Do white papers teach larger lessons?
Ezra Klein I think the Obama case is interesting, and for a very specific reason: the information flow here goes both ways. I think Obama's team was, to some degree, persuaded that they would need an individual mandate, and there would be support for proposing that policy (even with its obvious political dangers) by the outcome of that debate. Another way of putting it is that absent the serious vetting of the details of Obama's plan it's possible that the final bill doesn't have an individual mandate because Obama decides he was against it and can't afford that flip-flop.
Matt Yglesias So I see two issues here.
One where I agree with Ezra is that I think as journalists we have an obligation to take these proposals seriously. It’s important for people to understand their flaws,and that’s one mechanism through which things improve.
But the other issue is whether we can really draw "larger lessons" or whatever from the plans.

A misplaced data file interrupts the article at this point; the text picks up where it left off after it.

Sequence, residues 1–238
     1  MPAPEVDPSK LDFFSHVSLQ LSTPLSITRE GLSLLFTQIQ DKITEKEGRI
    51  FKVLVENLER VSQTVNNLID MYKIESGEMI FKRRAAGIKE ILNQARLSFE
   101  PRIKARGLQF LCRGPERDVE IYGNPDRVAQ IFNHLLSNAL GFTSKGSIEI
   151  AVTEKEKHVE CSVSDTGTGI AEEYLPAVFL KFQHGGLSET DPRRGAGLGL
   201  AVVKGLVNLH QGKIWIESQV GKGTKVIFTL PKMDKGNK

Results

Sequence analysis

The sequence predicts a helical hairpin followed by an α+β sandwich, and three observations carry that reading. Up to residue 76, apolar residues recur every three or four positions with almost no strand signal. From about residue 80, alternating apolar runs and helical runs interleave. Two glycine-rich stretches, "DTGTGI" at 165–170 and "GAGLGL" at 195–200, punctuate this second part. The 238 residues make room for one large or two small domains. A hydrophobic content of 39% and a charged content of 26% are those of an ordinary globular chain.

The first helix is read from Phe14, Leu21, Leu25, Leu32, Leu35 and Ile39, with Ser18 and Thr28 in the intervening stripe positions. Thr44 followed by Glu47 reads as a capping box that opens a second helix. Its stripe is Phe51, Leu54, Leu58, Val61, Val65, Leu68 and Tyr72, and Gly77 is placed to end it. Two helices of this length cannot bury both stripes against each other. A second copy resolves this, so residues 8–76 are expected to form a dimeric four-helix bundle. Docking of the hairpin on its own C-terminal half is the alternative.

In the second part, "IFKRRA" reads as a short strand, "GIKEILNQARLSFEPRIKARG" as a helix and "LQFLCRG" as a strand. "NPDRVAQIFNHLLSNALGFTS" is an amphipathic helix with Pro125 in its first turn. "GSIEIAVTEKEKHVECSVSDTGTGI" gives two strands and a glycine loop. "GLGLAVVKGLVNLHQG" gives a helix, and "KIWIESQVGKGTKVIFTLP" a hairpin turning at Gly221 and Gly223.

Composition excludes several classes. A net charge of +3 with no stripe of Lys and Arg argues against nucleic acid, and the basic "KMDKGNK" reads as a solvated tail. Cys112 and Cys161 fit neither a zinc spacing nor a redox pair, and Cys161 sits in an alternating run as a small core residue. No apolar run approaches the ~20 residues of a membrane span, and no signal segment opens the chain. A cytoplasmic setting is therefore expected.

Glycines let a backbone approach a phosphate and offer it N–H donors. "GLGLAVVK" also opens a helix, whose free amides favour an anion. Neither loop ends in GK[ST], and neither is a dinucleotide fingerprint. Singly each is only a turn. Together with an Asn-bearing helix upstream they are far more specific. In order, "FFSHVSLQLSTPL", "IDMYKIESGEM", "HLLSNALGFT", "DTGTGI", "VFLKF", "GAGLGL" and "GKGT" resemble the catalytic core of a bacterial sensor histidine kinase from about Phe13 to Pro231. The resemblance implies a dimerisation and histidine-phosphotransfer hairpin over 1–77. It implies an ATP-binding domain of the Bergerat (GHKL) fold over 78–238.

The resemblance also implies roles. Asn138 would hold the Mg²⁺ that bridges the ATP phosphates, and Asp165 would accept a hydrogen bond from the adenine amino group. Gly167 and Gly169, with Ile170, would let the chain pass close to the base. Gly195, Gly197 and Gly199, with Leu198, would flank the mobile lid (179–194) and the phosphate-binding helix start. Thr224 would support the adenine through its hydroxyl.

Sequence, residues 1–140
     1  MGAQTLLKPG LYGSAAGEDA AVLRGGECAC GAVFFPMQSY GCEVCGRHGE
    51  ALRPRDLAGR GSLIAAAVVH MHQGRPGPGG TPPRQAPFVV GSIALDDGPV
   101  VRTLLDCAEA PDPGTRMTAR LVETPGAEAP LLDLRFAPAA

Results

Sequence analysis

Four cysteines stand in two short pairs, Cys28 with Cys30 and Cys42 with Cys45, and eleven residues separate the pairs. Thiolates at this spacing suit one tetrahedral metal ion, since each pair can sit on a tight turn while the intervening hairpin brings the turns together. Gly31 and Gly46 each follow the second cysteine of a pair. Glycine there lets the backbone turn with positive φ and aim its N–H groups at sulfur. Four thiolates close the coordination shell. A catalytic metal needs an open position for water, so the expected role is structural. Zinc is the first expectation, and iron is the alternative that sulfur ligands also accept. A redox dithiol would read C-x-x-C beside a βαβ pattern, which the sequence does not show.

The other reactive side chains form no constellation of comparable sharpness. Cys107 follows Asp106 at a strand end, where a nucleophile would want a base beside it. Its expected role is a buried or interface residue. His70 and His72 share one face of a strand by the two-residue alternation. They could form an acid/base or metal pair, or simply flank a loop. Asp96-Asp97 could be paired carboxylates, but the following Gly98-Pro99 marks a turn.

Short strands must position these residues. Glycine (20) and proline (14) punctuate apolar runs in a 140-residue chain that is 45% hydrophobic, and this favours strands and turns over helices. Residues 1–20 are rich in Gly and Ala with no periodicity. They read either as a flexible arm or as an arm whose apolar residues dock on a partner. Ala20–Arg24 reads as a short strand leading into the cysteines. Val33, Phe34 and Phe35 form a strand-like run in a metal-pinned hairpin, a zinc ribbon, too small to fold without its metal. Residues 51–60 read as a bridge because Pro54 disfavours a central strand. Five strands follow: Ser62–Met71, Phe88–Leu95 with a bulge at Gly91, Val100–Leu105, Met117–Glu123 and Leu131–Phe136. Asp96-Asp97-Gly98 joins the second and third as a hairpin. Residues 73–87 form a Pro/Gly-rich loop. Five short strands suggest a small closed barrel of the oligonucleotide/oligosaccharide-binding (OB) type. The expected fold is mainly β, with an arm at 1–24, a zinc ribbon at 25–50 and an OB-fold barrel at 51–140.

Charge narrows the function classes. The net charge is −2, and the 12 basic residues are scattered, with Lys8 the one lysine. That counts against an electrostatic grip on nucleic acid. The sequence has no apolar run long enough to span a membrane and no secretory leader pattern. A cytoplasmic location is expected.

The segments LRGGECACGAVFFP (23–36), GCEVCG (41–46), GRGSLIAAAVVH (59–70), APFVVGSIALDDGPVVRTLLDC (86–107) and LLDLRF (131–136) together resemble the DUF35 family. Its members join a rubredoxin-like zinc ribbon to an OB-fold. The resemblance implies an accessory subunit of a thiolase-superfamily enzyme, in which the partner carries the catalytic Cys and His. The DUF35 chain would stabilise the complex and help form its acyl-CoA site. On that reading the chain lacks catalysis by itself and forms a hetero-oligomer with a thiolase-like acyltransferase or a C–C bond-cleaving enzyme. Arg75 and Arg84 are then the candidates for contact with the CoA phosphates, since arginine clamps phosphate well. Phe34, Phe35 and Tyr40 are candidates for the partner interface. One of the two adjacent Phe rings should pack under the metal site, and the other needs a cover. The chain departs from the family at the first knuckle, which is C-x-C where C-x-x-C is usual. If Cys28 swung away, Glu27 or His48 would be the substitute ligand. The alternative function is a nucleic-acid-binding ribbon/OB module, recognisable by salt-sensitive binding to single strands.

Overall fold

And that’s where I’m pretty skeptical. I think we know based on the past twenty years of history that Hillary Clinton acts from near the center of gravity inside the Democratic Party whereas Bernie acts from its leftward flank and scrutinizing their white papers doesn’t add much to that.
Dylan Matthews It might not tell you a whole lot about their relative ideological positioning but it might tell you something about their relative mastery of the issues.
Leaving aside Sanders’ relative lack of experts on his side to flesh out proposals, there really is a large single-payer movement in the US with some very developed proposals.
John Conyers’ HR 676 being the most notable. And you could reasonably expect Sanders, as a very vocal advocate of this policy, to know how those bills work. And I don’t know that he does, and the spareness of his plan adds to my suspicion that he doesn’t.
Sanders plans versus Clinton plans